Two Ways to Get Rid of Guilt

Guilt is a pesky thing, isn’t it? You’re cruising along doing whatever it is you do, and then those pangs of guilt hit as hard as last night’s bean burrito. A good dose of Pepto-Bismol can help with the aftermath of dinner, but what about the guilt?

There are two ways you can get rid of that unwanted and unsightly guilt but—SPOILER ALERT!—one of them doesn’t work.

Redefine the Source of Your Guilt.

Go ahead and laugh, but at least they weren’t wearing plaid and stripes together.

Secular and non-religious groups challenge the whole notion of guilt. They claim that guilt is a by-product of being falsely told that your behavior was wrong. “People have forced their own rules on you. You think it is wrong because someone told you it was wrong—but it isn’t wrong at all.”

I was raised with the belief that you do NOT wear plaid and stripes together (or colors that clash). Growing up, I did not want to be guilty of what adults around me considered a fashion faux pas. I know now that such a rule is really not a rule, but even today when I wear atrociously obnoxious colors in the privacy of my home, I still feel an occasional pang of guilt. I shouldn’t look like a three-year-old who dressed himself. What if someone rings the doorbell?

That’s false guilt—and it’s tied to something that is not a real rule. And that’s exactly how the world wants us to view any feelings of guilt.

For a British TV show called “The New Ten Commandments,” 65,000 people were asked which of the Ten Commandments were still relevant. “Do not kill” and “Do not steal” were still deemed relevant, but the other eight Commandments were tossed. In their place, the people suggested commands about protecting your family, avoiding violence, and caring for children. (Peter Stevenson, Preaching the Atonement, 166–67).

To remove guilt, the world tells us either to deny we’ve sinned at all or redefine what sin is. However, deep down, there remains a nagging murmur that something is not right. We can cover our ears, shout loudly, and hope to drown out the sound of our guilt, but it is still there. We can “sear our conscience” (1 Tim. 4:2) by continually denying the truth, but the guilt remains. Thankfully, there’s a better option—one that works.

Repent of the Source of Your Guilt

In God’s covenant with His people, He gave them a set of instructions: the Ten Commandments. These are timeless truths that apply to all people at all times and in all places. These Commands are still relevant, and yes, they cause a good pang of guilt when we break them. But God did not give us these rules to dampen life and make us miserable. He gave us these commands in order to enjoy life and get the most out of it.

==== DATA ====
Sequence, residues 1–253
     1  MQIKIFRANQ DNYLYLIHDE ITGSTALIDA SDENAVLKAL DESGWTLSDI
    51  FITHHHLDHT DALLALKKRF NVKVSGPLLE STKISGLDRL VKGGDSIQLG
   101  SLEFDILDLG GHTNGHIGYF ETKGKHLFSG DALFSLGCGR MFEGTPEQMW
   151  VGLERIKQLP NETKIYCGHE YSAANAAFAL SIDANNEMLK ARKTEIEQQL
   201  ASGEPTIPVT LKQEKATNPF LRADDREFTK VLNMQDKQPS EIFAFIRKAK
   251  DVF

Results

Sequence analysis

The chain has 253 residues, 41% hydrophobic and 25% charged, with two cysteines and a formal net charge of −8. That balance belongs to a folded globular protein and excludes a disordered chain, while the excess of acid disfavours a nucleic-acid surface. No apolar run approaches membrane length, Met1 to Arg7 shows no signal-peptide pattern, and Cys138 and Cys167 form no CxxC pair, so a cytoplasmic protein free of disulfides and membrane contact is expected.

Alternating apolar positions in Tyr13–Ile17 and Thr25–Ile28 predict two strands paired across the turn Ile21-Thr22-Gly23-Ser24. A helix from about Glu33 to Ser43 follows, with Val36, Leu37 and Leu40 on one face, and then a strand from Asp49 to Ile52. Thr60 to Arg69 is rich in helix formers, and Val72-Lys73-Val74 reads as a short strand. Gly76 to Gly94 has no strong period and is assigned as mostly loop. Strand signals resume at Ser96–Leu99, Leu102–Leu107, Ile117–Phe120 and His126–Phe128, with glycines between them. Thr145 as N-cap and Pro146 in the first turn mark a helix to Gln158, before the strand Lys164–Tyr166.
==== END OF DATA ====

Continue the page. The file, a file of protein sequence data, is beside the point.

The guilt we feel is a reminder that we have stepped outside God’s rules and God’s best for us. But let’s be clear: that guilt is not some mere feeling; it is a real state where we are culpable before God and deserve punishment. Yikes.

Here’s the kicker. God knew we’d blow these commands. He knew we would disobey. He knew we would be guilty, yet He resolved to do something about it.

Enter Jesus. God’s Son came to earth, lived the sinless, guiltless life we could not, and willingly took our own guilt and sin upon Himself. He died in our place, removing forever our sin and guilt. All that remains is for us to trust Jesus.

“Therefore, there is now no condemnation for those in Christ Jesus” (Rom. 8:1).

“For the Scripture says, Everyone who believes on him will not be put to shame” (10:11).

We don’t try to explain away our sin, make excuses, or justify what we’ve done. We own up to our sin, acknowledging our guilt. We grieve over what we’ve done, but that grief should lead us to repent.

“For godly grief produces a repentance that leads to salvation without regret, but worldly grief produces death” (2 Cor. 7:10).

If you want to play mind games about your guilt, go ahead—but at the end of the day, you’re still guilty. I’m so thankful that Jesus took my guilt away. His act of love draws me to love Him … trust Him … follow Him … obey Him.

“If we say, ‘We have no sin,’ we are deceiving ourselves, and the truth is not in us. If we confess our sins, he is faithful and righteous to forgive us our sins and to cleanse us from all unrighteousness” (1 John 1:8-9).

Subscribe to this blog at the top of the page! And encourage others by sharing this post.

For a printable version: click here.

This post supports the study “God’s Promise to Make a Holy Nation” in Bible Studies for Life and YOU.


Join Lynn Pryor and Chris Johnson as they discuss this topic:

Editor's Picks